Wanna make a room of white people feel awkward…?

Books by writers of color are more likely to be banned. That’s right. In the above Bitch Media interview with Kristen Pekoll from The Office of Intellectual Freedom with The American Library’s Association, she states that more than three quarters of the books banned by school libraries in 2017 were by, or about, people of color.  “What does it say about our culture that people don’t want these books on the shelf?” she asks.

Even though offended parents, teachers and administrators claim that they object to these books due to religious, political, sexual, or other “controversial,” content,  what they all have in common is that they explicitly and honestly address the experiences of non-white Americans, or protagonists from other cultures.

And that can make a lot of people uncomfortable. As she says “Wanna make a room of white people feel awkward? Talk about race.”  

It’s not only difficult for most white Americans to face up to the racist history of our country, it’s even more difficult for them to understand what racism is, and how it functions on a structural and institutional basis. Unfortunately, however, because 89% of publishing industry professionals are white, the odds are against writers of color getting the attention and support they need to effectively explore the intersections of race, poverty, gender and class in ways that will awaken readers and challenge the status quo. 

Nevertheless, I have hope. And right now that hope lies in my commitment to creating spaces for writers of color to discover and develop stories that not only convey infrequently-heard truths, and possibly inspire a more just and fulfilling world, but where they also never have to hear the question, “Why does everything have to be about race?”

Register for my upcoming Circle for Writers of Color, launching in February 2019, or sign up for a free group coaching session for Writers of Color.

Sitting Down To Write

The first step towards writing anything is deceptively simple. It’s sitting.

But it’s not just any sitting. It’s sitting in front of a blank page or screen — the prospect of which can be intimidating. While there are people who can sit down and get right to business, for others it can take time.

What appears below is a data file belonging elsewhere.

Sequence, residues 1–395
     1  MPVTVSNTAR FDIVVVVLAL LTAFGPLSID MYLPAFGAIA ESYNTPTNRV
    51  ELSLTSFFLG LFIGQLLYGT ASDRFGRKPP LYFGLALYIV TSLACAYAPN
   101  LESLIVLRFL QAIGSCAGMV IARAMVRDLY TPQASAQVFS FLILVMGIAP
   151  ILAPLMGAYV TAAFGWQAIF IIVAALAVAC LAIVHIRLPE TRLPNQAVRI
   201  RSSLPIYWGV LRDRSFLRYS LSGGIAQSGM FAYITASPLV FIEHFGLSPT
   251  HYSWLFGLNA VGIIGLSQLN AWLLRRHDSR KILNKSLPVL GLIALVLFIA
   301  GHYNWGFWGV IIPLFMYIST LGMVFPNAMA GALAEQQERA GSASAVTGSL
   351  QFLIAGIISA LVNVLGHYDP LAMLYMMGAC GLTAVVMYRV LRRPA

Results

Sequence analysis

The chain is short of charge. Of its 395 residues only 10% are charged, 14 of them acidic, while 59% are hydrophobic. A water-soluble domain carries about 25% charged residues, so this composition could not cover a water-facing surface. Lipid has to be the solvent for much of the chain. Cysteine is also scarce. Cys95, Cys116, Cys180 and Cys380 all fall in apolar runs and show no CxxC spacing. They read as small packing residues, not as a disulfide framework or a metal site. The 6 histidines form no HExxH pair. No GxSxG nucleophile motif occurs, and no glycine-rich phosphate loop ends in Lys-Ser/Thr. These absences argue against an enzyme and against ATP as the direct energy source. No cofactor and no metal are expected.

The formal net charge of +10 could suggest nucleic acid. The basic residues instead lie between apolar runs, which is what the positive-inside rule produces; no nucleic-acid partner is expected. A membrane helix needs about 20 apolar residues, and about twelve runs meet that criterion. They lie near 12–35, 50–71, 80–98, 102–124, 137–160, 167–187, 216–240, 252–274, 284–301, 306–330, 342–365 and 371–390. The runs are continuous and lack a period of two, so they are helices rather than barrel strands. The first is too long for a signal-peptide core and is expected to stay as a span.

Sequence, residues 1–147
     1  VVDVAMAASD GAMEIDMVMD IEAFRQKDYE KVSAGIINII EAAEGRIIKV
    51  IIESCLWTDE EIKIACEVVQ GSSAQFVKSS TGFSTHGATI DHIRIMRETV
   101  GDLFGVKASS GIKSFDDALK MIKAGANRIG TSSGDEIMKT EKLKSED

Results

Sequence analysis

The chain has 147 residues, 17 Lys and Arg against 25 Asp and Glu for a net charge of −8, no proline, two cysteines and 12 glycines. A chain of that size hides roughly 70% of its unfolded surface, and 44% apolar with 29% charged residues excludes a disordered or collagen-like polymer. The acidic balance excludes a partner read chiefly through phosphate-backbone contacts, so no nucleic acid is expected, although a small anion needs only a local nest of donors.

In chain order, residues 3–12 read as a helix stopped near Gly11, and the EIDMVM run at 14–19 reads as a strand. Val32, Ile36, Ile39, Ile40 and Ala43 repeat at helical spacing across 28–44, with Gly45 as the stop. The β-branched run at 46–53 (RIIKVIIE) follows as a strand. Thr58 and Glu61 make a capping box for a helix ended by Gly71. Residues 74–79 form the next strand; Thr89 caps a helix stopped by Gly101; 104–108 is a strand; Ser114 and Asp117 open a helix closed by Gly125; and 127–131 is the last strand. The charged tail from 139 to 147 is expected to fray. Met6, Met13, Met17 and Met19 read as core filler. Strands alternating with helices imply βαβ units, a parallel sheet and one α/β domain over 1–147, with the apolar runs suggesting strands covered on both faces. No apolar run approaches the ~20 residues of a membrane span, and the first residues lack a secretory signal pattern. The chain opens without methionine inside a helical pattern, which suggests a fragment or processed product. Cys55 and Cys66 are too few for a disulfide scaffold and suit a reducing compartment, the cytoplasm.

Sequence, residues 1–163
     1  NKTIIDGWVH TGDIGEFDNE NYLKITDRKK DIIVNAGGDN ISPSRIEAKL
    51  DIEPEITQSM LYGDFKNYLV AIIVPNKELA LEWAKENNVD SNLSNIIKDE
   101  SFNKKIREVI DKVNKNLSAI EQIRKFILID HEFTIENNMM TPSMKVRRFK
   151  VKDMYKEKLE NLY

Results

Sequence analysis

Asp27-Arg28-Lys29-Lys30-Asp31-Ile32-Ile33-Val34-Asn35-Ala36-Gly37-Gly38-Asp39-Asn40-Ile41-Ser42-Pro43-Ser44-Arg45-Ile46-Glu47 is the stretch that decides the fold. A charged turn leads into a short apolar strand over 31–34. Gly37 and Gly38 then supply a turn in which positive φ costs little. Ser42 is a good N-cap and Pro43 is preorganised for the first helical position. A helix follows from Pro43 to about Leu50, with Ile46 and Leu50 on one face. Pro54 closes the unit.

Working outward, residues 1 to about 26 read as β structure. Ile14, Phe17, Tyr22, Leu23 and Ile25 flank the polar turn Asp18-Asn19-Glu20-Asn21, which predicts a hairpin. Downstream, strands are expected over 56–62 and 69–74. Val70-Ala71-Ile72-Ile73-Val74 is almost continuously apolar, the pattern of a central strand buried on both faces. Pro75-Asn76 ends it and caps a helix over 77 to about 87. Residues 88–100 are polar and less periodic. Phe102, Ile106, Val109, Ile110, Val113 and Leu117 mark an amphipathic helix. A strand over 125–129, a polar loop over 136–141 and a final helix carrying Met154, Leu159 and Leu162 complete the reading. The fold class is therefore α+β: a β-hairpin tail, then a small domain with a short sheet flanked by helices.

If you are one of these people, do not fret if you find yourself:

  • Straightening out your desk, living room or kitchen
  • Watching Netflix
  • Making a cup of tea
  • Lighting a candle
  • Throwing out the garbage

Even experienced writers can dismiss such puttering as mere procrastination, but I prefer to think of it as a kind of nesting. It is simply what’s necessary to welcome your imagination into the room.

After all, the mindset with which we address daily life is different from the one required for creative labor, and it’s not always easy to switch gears. And while, of course, there will be times when inspiration hits you while you’re doing something else, devotion to a project demands that you be able to write on command.

Creating the proper setting for your imagination is an act of self-care that requires practice and patience.  So give yourself some grace and explore what you need to settle into a writing session: Do you prefer quiet or noise? A messy space or a tidy one? Morning or evening? Just as every writer develops a “voice” through choice of words and story, every writer also develops preferences for diving into the creative process.

Especially in the beginning, it can take time for your mind to turn away from the mundane details of daily life and towards creation. So don’t be ashamed if, as one highly accomplished artist once told me, it takes three times as long to prepare as it does to actually create. 

Your story is waiting to be told, and I encourage you to do whatever it takes to sit down and begin telling it.